Selvapiana, Chianti Ruffina 2012
Joseph Carr, Cabernet 2012
Prendo, Pinot Grigio, Vigneti Delle Dolomiti 2014
Joel Gott, Oregon Pinot Gris 2014
Otazu, Red 2010
Chehalem, Pinot Gris, Three Vineyards 2013
Wente, Merlot, Sandstone 2011
Abacela, Fiesta Tempranillo 2012
Monmousseau, Vouvray 2014
Duriguttti, Malbec 2013
Ruby, Pinot Noir 2012
Castellare, Chianti 2013
Lugana, San Benedetto 2013
Canoe Ridge, Cabernet, Horse Heaven Hills 2011
Arcangelo, Negroamaro Rosato
Vale do Bomfim, Douro 2012
Portuga, Branco 2013
Taylor Fladgate, Late Bottled Vintage Porto 2009
Pete's Mountain, Pinot Noir, Kristina's Reserve 2010
Rodney Strong, Cabernet, Sonoma 2012
Bookwalter, Subplot No. 28, 2012
Coppola, Sofia, Rose 2014
Kirkland, Napa Cabernet 2012
Trader Joe's Grand Reserve, Napa Meritage 2011
Kramer, Chardonnay Estate 2012
Forlorn Hope, Que Saudade 2013
Ramos, Premium Tinto, Alentejano 2012
Trader Joe's Grand Reserve, Rutherford Cabernet 2012
Bottego Vinaia, Pinot Grigio Trentino 2013
Villa Antinori, Toscana 2011
Pete's Mountain, Elijah's Reserve Cabernet, 2007
Beaulieu, George Latour Cabernet 1998
Januik, Merlot 2011
Torricino, Campania Falanghina 2013
Edmunds St. John, Heart of Gold 2012
Chloe, Pinot Grigio, Valdadige 2013
Edmunds St. John, Bone-Jolly Gamay Noir 2013
Kirkland, Pinot Grigio, Friuli 2013
St. Francis, Red Splash 2011
Rodney Strong, Canernet, Alexander Valley 2011
Erath, Pinot Blanc 2013
Taylor Fladgate, Porto 2007
Portuga, Rose 2013
Domaine Digioia-Royer, Chambolle-Musigny, Vielles Vignes Les Premieres 2008
Locations, F Red Blend
El Perro Verde, Rueda 2013
Chateau Ste. Michelle, Indian Wells Red 2010
Chloe, Pinot Grigio, Valdadige 2013
Edmunds St. John, Bone-Jolly Gamay Noir 2013
Kirkland, Pinot Grigio, Friuli 2013
St. Francis, Red Splash 2011
Rodney Strong, Canernet, Alexander Valley 2011
Erath, Pinot Blanc 2013
Taylor Fladgate, Porto 2007
Portuga, Rose 2013

The Occasional Book

Ruth Sepetys - Between Shades of Gray
Richard Adams - Watership Down
Claire Vaye Watkins - Gold Fame Citrus
Markus Zusak - I am the Messenger
Anthony Doerr - All the Light We Cannot See
James Joyce - Dubliners
Cheryl Strayed - Torch
William Golding - Lord of the Flies
Saul Bellow - Mister Sammler's Planet
Phil Stanford - White House Call Girl
John Kaplan & Jon R. Waltz - The Trial of Jack Ruby
Kent Haruf - Eventide
David Halberstam - Summer of '49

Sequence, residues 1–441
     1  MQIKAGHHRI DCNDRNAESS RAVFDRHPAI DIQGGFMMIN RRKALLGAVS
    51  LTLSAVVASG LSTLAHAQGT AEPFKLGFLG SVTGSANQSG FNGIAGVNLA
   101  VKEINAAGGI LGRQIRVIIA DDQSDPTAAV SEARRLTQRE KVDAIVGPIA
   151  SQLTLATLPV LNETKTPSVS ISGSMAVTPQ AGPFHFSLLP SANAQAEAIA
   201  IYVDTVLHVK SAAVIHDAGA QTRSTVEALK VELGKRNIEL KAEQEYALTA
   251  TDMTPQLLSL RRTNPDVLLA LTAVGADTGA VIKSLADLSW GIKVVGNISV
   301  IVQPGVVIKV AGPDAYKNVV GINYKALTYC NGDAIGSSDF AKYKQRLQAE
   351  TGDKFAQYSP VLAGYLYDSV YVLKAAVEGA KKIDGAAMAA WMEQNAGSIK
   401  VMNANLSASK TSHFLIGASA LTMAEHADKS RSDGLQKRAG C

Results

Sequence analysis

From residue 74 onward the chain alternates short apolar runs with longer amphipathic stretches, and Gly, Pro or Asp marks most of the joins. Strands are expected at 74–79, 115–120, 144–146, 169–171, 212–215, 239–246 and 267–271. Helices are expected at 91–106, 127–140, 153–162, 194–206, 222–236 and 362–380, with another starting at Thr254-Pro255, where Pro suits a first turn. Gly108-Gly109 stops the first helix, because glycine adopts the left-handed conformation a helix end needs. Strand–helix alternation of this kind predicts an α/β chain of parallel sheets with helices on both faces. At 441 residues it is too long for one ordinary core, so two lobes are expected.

Norman Mailer - The Naked and the Dead
Maria Dermoȗt - The Ten Thousand Things
William Faulkner - As I Lay Dying
Markus Zusak - The Book Thief
Christopher Buckley - Thank You for Smoking
William Shakespeare - Othello
Joseph Conrad - Heart of Darkness
Bill Bryson - A Short History of Nearly Everything
Cheryl Strayed - Tiny Beautiful Things
Sara Varon - Bake Sale
Stephen King - 11/22/63
Paul Goldstein - Errors and Omissions
Mark Twain - A Connecticut Yankee in King Arthur's Court
Steve Martin - Born Standing Up: A Comic's Life
Beverly Cleary - A Girl from Yamhill, a Memoir
Kent Haruf - Plainsong
Hope Larson - A Wrinkle in Time, the Graphic Novel
Rudyard Kipling - Kim
Peter Ames Carlin - Bruce
Fran Cannon Slayton - When the Whistle Blows
Neil Young - Waging Heavy Peace
Mark Bego - Aretha Franklin, the Queen of Soul (2012 ed.)
Jenny Lawson - Let's Pretend This Never Happened
J.D. Salinger - Franny and Zooey
Charles Dickens - A Christmas Carol
Timothy Egan - The Big Burn
Deborah Eisenberg - Transactions in a Foreign Currency
Kurt Vonnegut Jr. - Slaughterhouse Five
Kathryn Lance - Pandora's Genes
Cheryl Strayed - Wild
Fyodor Dostoyevsky - The Brothers Karamazov
Jack London - The House of Pride, and Other Tales of Hawaii
Jack Walker - The Extraordinary Rendition of Vincent Dellamaria
Colum McCann - Let the Great World Spin
Niccolò Machiavelli - The Prince
Harper Lee - To Kill a Mockingbird
Emma McLaughlin & Nicola Kraus - The Nanny Diaries
Brian Selznick - The Invention of Hugo Cabret
Sharon Creech - Walk Two Moons
Keith Richards - Life
F. Sionil Jose - Dusk
Natalie Babbitt - Tuck Everlasting
Justin Halpern - S#*t My Dad Says
Mark Herrmann - The Curmudgeon's Guide to Practicing Law
Barry Glassner - The Gospel of Food
Phil Stanford - The Peyton-Allan Files
Jesse Katz - The Opposite Field
Evelyn Waugh - Brideshead Revisited
J.K. Rowling - Harry Potter and the Sorcerer's Stone
David Sedaris - Holidays on Ice
Donald Miller - A Million Miles in a Thousand Years
Mitch Albom - Have a Little Faith
C.S. Lewis - The Magician's Nephew
F. Scott Fitzgerald - The Great Gatsby
William Shakespeare - A Midsummer Night's Dream
Ivan Doig - Bucking the Sun
Penda Diakité - I Lost My Tooth in Africa
Grace Lin - The Year of the Rat
Oscar Hijuelos - Mr. Ives' Christmas
Madeline L'Engle - A Wrinkle in Time
Steven Hart - The Last Three Miles
David Sedaris - Me Talk Pretty One Day
Karen Armstrong - The Spiral Staircase
Charles Larson - The Portland Murders
Adrian Wojnarowski - The Miracle of St. Anthony
William H. Colby - Long Goodbye
Steven D. Stark - Meet the Beatles
Phil Stanford - Portland Confidential
Rick Moody - Garden State
Jonathan Schwartz - All in Good Time
David Sedaris - Dress Your Family in Corduroy and Denim
Anthony Holden - Big Deal
Robert J. Spitzer - The Spirit of Leadership
James McManus - Positively Fifth Street
Jeff Noon - Vurt

Road Work

Miles run year to date: 144
At this date last year: 203
Total run in 2015: 271
In 2014: 401
In 2013: 257
In 2012: 129
In 2011: 113
In 2010: 125
In 2009: 67
In 2008: 28
In 2007: 113
In 2006: 100
In 2005: 149
In 2004: 204
In 2003: 269

Clicky Web Analytics